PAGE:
“Do you mind?”

Nairobi Kenya

Don’t mind me.

My ears are being nurtured by rampant debates on socialites and celebrities from across the seas, being tuned to the most viewed and reviewed and liked and shared and thumbs upped and favourite and commented on, to rumours and hearsay and fantasy. I remember what the voice of reason and concern sounds like, but even now all I hear in that voice is our parents, and I flinch when we hear about responsibility and collective action and sacrifice. These words do not fit in my ears without strain, without force, and though I have trained myself to hear them, I still don’t listen to them.

Don’t mind me.

My jaded eyes are the product of frustrated and bitter public sector teachers who faced tribalism and nepotism and extortion to be posted to my overcrowded and underfunded school, and realized that there was no need to open my eyes to the promise of my own power, and ignite in them a flame of seeking and adventure in an education system that was purposefully designed to sterilize my individuality, cripple my imagination, inhibit my self-expression, and foster a deep terror of authority figures.

Don’t mind me.

I lost my voice screaming at men running around on a patch of grass kicking a ball. I lose my voice when saying the truth could mean going back to the shame and depression of looking for a job. I can hide our words and meanings in emojis and abbreviations shooting across DMs and status updates and wall posts. Speaking truth to power is my one-way ticket to being isolated and excommunicated, to being on the fringe and not part of the trend, to being a lone voice against the cold wind rather than a small murmur amidst the warm and huddled masses.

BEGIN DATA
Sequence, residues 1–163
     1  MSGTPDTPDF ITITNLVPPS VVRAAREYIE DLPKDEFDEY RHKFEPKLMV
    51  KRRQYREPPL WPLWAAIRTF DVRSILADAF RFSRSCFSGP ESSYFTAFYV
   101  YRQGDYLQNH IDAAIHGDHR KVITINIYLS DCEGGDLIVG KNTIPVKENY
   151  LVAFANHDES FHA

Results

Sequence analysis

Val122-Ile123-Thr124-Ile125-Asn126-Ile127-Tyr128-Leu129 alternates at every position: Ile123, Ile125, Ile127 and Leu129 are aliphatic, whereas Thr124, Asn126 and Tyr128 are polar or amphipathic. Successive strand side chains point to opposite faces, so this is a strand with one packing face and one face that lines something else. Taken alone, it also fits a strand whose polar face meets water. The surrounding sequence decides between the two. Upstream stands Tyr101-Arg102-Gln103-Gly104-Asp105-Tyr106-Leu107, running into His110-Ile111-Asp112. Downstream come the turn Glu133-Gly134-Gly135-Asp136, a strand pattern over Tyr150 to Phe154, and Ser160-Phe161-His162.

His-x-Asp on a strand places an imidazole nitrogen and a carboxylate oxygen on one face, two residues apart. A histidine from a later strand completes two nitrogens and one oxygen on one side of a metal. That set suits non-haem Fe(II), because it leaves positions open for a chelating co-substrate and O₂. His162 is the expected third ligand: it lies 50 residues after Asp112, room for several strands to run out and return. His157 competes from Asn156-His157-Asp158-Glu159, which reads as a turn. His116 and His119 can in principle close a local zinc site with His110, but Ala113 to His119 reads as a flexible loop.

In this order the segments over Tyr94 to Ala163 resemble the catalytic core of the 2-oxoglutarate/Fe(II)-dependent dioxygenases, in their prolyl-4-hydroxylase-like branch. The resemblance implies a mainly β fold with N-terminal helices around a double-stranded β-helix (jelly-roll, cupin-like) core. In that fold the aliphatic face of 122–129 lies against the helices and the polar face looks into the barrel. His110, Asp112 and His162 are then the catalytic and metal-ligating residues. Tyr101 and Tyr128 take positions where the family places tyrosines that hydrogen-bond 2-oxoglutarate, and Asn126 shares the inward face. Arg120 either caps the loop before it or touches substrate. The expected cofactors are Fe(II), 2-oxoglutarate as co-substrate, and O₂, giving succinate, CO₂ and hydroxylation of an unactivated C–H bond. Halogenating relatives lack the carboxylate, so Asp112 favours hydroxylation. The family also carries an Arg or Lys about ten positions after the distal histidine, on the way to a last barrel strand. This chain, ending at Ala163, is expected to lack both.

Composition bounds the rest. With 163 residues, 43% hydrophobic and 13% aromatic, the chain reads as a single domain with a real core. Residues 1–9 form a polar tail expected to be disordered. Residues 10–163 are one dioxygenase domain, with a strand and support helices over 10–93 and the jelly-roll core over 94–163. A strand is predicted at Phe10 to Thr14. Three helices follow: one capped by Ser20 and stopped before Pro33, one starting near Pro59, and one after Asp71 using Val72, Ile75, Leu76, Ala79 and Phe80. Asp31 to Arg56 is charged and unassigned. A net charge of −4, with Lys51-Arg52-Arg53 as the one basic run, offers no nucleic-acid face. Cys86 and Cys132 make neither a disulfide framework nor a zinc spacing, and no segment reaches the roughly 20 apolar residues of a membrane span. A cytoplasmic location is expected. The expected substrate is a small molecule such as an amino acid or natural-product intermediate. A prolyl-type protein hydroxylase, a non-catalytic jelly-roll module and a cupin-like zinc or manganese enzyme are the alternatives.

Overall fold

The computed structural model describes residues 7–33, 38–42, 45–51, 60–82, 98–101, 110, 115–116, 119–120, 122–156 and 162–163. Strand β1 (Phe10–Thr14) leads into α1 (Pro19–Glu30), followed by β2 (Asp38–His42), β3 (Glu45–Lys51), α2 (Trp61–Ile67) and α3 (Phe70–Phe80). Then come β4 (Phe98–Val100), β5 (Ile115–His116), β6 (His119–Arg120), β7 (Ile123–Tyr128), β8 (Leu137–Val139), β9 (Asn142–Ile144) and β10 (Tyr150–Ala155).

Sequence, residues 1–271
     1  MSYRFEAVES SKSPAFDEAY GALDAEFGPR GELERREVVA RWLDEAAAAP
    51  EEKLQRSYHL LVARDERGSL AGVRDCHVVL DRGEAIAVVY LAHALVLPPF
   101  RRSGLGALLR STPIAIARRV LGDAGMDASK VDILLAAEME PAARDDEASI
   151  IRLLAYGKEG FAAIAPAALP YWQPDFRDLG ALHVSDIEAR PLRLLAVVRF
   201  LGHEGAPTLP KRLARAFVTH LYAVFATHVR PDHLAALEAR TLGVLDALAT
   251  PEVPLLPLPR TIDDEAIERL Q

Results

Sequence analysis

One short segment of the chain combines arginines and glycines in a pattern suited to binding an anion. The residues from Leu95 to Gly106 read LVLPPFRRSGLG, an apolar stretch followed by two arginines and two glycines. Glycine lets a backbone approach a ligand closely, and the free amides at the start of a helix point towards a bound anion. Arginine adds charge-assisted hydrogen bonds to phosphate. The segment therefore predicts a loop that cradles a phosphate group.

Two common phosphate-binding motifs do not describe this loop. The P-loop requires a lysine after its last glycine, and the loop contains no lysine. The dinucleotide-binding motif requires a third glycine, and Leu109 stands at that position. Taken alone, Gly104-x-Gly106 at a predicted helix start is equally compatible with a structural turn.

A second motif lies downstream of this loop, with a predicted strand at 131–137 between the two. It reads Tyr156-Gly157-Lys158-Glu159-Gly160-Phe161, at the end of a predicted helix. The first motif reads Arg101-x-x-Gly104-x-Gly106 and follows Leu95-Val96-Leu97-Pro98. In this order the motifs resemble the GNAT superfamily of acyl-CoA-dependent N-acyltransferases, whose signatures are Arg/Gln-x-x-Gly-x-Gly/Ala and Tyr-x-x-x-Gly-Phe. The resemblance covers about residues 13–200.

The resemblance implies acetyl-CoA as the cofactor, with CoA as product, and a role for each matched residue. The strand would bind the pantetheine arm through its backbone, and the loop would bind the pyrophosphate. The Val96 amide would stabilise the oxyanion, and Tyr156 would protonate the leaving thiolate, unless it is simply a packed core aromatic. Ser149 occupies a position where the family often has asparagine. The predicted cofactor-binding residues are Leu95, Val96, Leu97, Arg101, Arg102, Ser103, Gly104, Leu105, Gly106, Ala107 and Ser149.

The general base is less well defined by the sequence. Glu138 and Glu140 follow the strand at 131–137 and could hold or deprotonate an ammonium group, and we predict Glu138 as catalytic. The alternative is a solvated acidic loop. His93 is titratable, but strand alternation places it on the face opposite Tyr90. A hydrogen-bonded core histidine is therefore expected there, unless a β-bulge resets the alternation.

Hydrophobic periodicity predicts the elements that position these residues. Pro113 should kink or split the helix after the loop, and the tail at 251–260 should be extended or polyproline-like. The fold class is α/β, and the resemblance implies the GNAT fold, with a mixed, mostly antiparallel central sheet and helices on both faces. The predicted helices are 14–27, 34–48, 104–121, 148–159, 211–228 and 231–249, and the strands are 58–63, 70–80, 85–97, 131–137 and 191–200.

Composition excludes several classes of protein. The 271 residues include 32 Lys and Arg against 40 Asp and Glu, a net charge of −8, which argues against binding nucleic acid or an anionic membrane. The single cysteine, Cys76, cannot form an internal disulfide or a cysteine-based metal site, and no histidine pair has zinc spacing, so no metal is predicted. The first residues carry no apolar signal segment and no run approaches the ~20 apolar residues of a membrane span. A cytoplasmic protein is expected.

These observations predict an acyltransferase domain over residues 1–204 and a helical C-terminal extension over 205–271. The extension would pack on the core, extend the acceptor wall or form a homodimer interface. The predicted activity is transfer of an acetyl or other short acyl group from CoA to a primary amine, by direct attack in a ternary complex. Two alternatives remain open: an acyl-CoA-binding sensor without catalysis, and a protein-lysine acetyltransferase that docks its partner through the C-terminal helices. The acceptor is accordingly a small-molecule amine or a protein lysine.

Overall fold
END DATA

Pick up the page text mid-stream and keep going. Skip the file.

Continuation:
Don’t mind me.

Once my senses were hypnotized, my direction was next. I translate revolution as the next catchword for a savvy social media advertising campaign. I understand nationalism as the pride we feel when one of us shines on the world stage, when we show others and not ourselves just what we can achieve. A patriot for me is a trigger to a hazy memory of a documentary of a person who had a street named after them after they were assassinated.

Don’t mind me.

Once my senses and direction was lost, then came my reality. I lost track of whether the world on the screens or the physical world around me is not only the realer one, but I don’t know which matters most. My wires are crossed. The world behind our world, behind the filters of my prejudices and artificial tribes and indifference, moves on in an emotionless inexorable pull through space and time.

Don’t mind me, because I don’t mind.

I am part of the mesmerized revolution. I need space and time that the world and history cannot afford me. I fight the uncomfortable, alien spark that is battling for a space in my heart, the spark in the eyes of hazy figures whose statues and books beckon me towards imagining and creating a new future. I am the young Africa, the shifting sand, the change in the tide, the gathering storm. I am the inheritor of soil, of rock, of the droughts and the floods, of promise and misery. I am waiting for a time that is happening right now.

I took a look at my mind.

The silence in the space of reason and reflection is deafening, but I want to hear what it has to say. The sight of the truth is blinding and terrifying, but I don’t want to blink. The sound of my voice is weak and trembling, but the steel grows with each truth I speak. Being pulled through the past by guilt and denial, I am now propelled into the future with purpose and anticipation. After fighting the acceptance of an uncomfortable reality that I could not accept, I have surrendered and offered myself to carry my load, to take a leap of faith into the abyss of history and the future and challenge and savour each moment as it comes.

Do you mind?

AuthorBinagwaho Gakunju

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